The most constructive criticism I've received came from my long-serving personal assistant who took me aside and advised me not to take myself too seriously. We had been going through a rough patch in our association with declining membership and poor support for our training initiatives from our core market. Every step we took seemed to be a step in the wrong direction, and I simply couldn't understand why our members had stopped participating in some of our scheduled activities. I took the decline as a personal affront and battled with my own sense of failure.
Fortunately I had the support of the board and, with my PA's positive criticism, I was able to put aside my ego-driven melancholy and work to rebuild our training program into an even more successful initiative.
—Kevan Jones, executive director, Middle East Communications Industries Association, Dubai, United Arab Emirates. Email: [email protected]
"God gave us two ears and one mouth for a reason." Those were the insightful comments given to me early on in my professional career by a confident account executive who had taken me under his wing to learn the industry. It was humbling; however, it made me think about my own communication skills, which were in dire need of improvement. Sage advice for all of us to follow.
—G.A. Taylor Fernley, president and CEO, Fernley & Fernley, Philadelphia. Email: [email protected]
"Has great ideas but gets distracted easily and juggles too many conversations at once."That feedback was extremely influential and made me realize the importance of inspiring a shared vision. It became apparent that even though my ideas were recognized and eventually adopted, I often left other staff members "at the platform" without real objectives, only to bounce to the next big idea. While being easily distracted by shiny objects is occasionally helpful, it drives others up the wall and negatively impacts results. Consequently, I've learned and stress the importance of keeping agendas and clearly-defined task lists at all times.
—Shane Yates, executive director, Ohio Physical Therapy Association, Gahanna, Ohio. Email: [email protected]
"Don't sugar coat your feedback to staff." Making things sound rosier than they really are can lead to misunderstandings, false expectations, and misguided behavior. As a young manager I thought that always being encouraging and coaching staff to pursue their goals would serve everyone's interest. But when I enthusiastically encouraged a staff member to apply for a position within our organization that clearly she wasn't going to get, my senior staff said "Be realistic with folks. They will learn more by having an understanding of how to achieve their goals, rather than a cheerleader boss that is full of nice sounding but insincere platitudes."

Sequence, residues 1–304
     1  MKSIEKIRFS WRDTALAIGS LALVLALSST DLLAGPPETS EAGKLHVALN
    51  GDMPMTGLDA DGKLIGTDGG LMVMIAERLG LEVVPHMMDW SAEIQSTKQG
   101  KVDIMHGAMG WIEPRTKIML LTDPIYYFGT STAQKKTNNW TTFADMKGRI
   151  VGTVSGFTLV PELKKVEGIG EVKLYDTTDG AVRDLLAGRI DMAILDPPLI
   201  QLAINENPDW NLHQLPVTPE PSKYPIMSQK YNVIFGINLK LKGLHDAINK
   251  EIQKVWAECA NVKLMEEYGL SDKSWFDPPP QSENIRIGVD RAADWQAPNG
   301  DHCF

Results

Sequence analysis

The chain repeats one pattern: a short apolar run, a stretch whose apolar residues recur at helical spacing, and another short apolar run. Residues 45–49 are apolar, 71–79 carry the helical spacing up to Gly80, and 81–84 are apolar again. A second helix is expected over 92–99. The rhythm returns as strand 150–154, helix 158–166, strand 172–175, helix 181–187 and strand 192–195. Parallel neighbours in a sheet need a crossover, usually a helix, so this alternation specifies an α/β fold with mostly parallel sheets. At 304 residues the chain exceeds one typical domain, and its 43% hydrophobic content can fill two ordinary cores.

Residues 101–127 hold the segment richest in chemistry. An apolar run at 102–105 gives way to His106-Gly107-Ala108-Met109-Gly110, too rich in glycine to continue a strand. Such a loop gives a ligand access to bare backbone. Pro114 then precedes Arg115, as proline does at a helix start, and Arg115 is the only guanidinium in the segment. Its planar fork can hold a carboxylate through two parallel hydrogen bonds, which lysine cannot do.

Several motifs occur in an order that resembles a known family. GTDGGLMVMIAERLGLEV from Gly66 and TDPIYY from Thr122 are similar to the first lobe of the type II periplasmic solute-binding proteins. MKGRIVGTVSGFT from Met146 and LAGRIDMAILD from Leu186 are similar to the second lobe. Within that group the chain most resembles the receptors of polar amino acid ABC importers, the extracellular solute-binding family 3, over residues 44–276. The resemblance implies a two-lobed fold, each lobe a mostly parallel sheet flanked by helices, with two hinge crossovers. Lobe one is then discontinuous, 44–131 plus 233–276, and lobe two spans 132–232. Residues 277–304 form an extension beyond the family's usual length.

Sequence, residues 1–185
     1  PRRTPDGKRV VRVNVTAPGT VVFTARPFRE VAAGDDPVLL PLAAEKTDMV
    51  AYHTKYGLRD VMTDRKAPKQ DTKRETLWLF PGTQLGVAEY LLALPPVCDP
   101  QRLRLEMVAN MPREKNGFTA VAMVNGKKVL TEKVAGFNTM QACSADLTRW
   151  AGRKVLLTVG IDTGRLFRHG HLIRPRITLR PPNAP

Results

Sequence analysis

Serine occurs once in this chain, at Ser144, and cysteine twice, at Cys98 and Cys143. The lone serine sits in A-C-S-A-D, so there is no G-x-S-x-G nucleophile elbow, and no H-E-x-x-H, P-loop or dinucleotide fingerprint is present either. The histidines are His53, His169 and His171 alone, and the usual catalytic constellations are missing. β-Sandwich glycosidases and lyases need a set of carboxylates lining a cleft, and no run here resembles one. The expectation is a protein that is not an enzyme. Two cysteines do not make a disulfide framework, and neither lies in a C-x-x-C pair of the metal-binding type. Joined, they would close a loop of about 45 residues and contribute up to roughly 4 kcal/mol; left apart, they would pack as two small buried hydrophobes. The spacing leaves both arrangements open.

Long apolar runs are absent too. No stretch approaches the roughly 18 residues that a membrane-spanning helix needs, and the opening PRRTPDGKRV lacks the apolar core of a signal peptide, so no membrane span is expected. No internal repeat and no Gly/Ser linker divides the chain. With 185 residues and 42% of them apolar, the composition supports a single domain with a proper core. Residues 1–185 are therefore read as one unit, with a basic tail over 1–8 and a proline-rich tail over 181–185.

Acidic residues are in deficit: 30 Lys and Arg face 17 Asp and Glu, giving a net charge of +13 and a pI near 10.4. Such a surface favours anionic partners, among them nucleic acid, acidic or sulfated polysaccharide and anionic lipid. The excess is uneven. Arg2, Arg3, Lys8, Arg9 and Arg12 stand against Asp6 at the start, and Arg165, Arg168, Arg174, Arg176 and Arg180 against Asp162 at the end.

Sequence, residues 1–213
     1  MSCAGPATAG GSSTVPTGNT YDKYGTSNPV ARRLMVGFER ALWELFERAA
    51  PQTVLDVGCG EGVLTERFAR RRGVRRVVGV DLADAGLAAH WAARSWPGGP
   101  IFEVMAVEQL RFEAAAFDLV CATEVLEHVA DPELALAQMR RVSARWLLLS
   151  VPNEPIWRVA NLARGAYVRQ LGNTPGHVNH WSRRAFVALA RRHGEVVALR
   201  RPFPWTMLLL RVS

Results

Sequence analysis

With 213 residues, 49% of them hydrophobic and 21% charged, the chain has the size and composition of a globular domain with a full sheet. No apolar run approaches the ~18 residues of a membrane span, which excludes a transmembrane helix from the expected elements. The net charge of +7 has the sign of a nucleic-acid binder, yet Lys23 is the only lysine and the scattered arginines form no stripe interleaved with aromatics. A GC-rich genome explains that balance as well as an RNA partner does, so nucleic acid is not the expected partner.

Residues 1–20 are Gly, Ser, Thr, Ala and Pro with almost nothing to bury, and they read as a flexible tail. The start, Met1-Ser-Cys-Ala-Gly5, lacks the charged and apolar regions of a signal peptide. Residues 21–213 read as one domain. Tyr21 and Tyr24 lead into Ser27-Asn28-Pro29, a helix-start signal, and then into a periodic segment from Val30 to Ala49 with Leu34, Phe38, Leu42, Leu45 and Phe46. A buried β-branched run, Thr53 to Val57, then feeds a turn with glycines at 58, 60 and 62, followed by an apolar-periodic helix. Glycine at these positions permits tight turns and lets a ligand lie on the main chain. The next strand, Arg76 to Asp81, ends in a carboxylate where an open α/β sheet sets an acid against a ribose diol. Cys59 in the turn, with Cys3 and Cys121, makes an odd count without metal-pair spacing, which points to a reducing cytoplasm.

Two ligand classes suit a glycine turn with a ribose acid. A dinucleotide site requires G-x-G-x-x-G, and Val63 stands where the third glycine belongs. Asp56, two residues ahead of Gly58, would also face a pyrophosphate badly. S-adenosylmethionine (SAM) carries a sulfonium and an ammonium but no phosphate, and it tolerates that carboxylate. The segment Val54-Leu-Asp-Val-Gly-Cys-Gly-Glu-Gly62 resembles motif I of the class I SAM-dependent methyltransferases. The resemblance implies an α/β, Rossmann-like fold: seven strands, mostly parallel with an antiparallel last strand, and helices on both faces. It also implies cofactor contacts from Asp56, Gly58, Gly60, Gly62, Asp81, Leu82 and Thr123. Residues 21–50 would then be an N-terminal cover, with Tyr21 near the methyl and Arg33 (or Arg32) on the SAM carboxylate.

—Karen Thoreson, president and COO, Alliance for Innovation, Phoenix. Email: [email protected]
I've found the best advice comes from those who are leaving the organization. I asked each departing employee, if I could change one thing to improve my managing, what would it be? "You don't listen to people. When sitting behind your desk you are constantly looking at notes or your computer screen when I'm trying to talk to you." After this revelation I determined the only way to change this behavior was to get out from behind my desk and visit with people at a table in the office or in a conference room with a blank sheet of paper to take notes on the discussion. Since changing that behavior I've become a better listener, delegator, and person.
—Allan Hale, executive director, National Electrical Contractors Association, Omaha, Nebraska. Email: [email protected]
I once experienced an incident where an employee had been making multiple mistakes, and then I received a call from a corporate partner about another problem. I immediately assumed the employee was at fault and called their supervisor to discuss the issue and how to proceed. After researching, we found that the employee was not at fault but instead had done everything by the book. As the supervisor left my office, they whispered that they wished I wouldn't have immediately concluded that our staff was at fault and that I should have waited to find out all of the facts. Point well made, and it will never be forgotten.
—Mark Light, executive director and CEO, International Association of Fire Chiefs, Fairfax, Virginia. Email: [email protected]